The Roots of Dependency: Subsistence, Environment, and Social Change among the Choctaws, Pawnees, and Navajos

The Roots of Dependency: Subsistence, Environment, and Social Change among the Choctaws, Pawnees, and Navajos

The Roots of Dependency: Subsistence, Environment, and Social Change among the Choctaws, Pawnees, and Navajos

The Roots of Dependency: Subsistence, Environment, and Social Change among the Choctaws, Pawnees, and Navajos

Synopsis

"Richard White's study of the collapse into 'dependency' of three Native American subsistence economies represents the best kind of interdisciplinary effort. Here ideas and approaches from several fields- mainly anthropology, history, and ecology- are fruitfully combined in one inquiring mind closely focused on a related set of large, salient problems.... A very sophisticated study, a 'best read' in Indian history."- American Historical Review

Excerpt

Most twentieth-century Americans link Indians and the environment almost automatically. The connections are simple and largely symbolic--Indian peoples serve as a sort of environmental conscience for the larger society. This ubiquity of the Indian as environmentalist unfortunately tends to reduce most research about Indian peoples and the land to briefs for and against the recent canonization of Indians into environmental sainthood. Such arguments have outlived their usefulness. By considering the actions and concerns of Indian peoples only in terms of the controversies of the late twentieth century, they trivialize and distort native societies. They also obscure larger historical questions by failing to examine why and how human societies have influenced the environment, and what the social consequences of human induced environmental change have been.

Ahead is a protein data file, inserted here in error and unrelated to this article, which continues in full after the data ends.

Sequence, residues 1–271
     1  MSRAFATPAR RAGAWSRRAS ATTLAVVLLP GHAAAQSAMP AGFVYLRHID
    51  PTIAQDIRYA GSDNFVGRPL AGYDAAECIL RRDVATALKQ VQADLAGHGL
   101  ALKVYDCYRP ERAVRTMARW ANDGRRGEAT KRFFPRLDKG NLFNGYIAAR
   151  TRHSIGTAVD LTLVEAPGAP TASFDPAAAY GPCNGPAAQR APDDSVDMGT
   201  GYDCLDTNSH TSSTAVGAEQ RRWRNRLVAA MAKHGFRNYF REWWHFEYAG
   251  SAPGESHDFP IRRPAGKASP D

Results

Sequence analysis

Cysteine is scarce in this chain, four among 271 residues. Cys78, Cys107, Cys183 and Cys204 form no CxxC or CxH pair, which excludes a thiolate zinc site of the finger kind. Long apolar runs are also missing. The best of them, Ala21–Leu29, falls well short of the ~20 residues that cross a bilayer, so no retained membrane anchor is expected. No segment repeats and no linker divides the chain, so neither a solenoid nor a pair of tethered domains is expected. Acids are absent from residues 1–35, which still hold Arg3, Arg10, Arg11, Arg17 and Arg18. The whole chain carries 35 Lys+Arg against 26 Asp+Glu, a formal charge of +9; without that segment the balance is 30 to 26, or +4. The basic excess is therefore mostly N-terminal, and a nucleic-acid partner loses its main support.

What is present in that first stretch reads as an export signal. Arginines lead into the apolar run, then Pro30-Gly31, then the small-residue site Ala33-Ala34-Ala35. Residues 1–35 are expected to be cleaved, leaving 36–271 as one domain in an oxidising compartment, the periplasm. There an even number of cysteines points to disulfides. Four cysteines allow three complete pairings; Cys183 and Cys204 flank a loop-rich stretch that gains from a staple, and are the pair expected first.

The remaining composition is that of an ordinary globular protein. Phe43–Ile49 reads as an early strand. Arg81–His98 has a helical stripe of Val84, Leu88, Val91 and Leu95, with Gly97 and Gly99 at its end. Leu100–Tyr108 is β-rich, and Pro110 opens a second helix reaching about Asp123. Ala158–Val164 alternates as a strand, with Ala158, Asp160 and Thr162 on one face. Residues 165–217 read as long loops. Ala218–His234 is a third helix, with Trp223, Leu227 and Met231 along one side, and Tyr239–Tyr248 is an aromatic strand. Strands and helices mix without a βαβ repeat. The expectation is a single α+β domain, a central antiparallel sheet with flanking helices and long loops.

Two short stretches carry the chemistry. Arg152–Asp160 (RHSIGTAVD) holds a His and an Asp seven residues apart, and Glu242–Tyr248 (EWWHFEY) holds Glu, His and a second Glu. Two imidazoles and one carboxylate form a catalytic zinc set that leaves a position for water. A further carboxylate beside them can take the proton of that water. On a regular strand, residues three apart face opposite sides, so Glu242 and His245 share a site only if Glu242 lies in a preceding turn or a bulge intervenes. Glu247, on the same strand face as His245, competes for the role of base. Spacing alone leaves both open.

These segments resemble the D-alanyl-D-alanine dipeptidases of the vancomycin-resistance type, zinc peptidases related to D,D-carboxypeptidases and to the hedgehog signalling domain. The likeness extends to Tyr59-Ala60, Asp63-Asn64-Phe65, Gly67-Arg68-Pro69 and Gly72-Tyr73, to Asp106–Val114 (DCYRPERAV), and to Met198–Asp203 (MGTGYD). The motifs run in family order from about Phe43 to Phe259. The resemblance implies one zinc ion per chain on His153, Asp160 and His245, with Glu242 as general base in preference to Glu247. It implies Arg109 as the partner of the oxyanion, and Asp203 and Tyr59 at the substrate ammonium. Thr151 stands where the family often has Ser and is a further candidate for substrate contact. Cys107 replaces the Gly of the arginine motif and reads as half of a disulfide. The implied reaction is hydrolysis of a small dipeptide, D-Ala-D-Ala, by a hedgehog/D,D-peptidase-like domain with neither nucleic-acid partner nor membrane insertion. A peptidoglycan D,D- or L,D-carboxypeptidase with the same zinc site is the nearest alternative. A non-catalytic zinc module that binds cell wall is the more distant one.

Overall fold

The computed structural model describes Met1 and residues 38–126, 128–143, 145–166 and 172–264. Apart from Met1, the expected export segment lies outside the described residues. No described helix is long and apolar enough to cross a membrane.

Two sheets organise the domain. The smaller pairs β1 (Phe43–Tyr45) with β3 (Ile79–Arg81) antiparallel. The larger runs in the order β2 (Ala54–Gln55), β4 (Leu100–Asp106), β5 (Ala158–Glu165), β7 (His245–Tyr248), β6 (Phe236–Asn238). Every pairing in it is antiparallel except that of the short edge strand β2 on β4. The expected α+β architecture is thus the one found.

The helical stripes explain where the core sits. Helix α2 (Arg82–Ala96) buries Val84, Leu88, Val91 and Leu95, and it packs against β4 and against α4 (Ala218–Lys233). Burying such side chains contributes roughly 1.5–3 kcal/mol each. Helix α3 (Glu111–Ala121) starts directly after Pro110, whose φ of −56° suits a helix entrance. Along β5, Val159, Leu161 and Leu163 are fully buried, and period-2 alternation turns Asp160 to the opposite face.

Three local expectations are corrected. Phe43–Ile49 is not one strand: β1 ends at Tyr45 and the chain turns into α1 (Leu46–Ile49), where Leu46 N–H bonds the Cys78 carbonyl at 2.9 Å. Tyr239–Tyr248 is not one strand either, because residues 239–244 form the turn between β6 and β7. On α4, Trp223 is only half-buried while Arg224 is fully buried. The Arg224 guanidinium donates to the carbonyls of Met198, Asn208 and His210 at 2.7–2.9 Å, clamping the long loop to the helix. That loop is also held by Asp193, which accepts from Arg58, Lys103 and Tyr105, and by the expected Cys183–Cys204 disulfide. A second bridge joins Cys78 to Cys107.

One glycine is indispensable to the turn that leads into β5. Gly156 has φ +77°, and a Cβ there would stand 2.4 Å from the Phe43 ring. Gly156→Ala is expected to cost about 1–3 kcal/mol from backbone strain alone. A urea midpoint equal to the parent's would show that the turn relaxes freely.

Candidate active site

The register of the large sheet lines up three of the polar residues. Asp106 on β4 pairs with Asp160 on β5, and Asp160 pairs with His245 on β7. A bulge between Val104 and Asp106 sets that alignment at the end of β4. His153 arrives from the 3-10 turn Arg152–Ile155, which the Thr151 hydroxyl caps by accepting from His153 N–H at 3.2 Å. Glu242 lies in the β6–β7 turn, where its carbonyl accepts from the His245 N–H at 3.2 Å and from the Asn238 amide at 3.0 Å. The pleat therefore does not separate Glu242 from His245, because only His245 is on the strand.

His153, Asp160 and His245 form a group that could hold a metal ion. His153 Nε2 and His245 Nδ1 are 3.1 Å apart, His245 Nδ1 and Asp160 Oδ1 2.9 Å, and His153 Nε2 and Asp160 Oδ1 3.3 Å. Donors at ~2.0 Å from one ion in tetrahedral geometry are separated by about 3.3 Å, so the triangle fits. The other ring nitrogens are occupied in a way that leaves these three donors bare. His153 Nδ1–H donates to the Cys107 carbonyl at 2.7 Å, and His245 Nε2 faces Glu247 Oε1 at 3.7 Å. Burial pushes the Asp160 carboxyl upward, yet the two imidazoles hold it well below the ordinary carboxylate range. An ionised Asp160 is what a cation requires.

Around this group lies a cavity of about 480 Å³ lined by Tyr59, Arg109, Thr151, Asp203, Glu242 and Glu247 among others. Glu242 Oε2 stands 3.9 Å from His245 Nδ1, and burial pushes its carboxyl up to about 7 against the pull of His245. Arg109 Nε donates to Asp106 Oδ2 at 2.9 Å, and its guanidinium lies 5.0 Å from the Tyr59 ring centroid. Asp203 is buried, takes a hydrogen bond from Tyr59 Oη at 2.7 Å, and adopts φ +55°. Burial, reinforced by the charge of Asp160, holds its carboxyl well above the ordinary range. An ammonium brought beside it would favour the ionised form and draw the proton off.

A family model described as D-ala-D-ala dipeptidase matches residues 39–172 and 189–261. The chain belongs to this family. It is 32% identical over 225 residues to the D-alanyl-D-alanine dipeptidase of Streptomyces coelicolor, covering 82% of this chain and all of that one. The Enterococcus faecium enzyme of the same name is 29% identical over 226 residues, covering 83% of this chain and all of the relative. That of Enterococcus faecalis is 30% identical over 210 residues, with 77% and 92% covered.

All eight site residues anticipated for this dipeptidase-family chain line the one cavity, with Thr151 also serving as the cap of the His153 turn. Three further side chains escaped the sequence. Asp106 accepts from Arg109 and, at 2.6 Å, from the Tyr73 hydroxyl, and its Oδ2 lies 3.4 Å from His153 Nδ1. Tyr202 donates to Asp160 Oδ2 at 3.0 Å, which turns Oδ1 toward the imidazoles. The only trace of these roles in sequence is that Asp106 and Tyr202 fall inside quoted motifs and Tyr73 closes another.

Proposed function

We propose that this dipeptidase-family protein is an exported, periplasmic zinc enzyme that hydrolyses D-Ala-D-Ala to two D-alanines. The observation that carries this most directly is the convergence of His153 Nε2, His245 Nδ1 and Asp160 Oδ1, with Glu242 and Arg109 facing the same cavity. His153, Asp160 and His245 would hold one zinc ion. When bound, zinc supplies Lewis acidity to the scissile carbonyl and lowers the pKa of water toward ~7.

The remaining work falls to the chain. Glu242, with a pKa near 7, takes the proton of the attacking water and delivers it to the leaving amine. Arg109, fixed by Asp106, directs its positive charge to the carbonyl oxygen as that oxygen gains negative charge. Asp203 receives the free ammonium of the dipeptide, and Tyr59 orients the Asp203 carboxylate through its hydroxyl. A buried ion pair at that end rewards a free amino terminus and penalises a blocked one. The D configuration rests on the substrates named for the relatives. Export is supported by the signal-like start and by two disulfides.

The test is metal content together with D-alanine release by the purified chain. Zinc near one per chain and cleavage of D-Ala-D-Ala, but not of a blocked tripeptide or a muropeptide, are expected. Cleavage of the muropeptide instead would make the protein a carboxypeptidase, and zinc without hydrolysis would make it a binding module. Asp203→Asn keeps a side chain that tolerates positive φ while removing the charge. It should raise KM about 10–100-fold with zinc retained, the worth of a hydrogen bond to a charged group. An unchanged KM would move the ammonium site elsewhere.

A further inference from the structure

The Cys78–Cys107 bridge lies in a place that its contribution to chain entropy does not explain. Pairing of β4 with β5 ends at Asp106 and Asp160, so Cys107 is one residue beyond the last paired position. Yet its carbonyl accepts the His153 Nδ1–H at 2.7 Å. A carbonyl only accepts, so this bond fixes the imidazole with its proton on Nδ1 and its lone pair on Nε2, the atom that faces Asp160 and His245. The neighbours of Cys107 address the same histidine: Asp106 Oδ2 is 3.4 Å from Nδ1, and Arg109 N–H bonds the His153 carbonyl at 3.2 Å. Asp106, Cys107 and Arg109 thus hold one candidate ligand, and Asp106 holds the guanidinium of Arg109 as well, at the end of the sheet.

These larger issues are the concern of this book. Indians, like all peoples, live in a physical world which is not only natural but also historical--a creation of their ancestors and themselves. Environmental constraints set certain boundaries on human creations, but they only limit; they do not dictate. Ideally, such human-dominated ecosystems produce food and shelter for human beings without degrading the natural systems upon which the society depends. Often, however, degradation occurs; a human environment breaks down and the society which created it faces crisis, change, and perhaps extinction.

Such crises have occurred repeatedly in human history; they occur now and will occur again. Too often they are dismissed as merely environmental or biological failures--failures of skill, of luck, or of . . .

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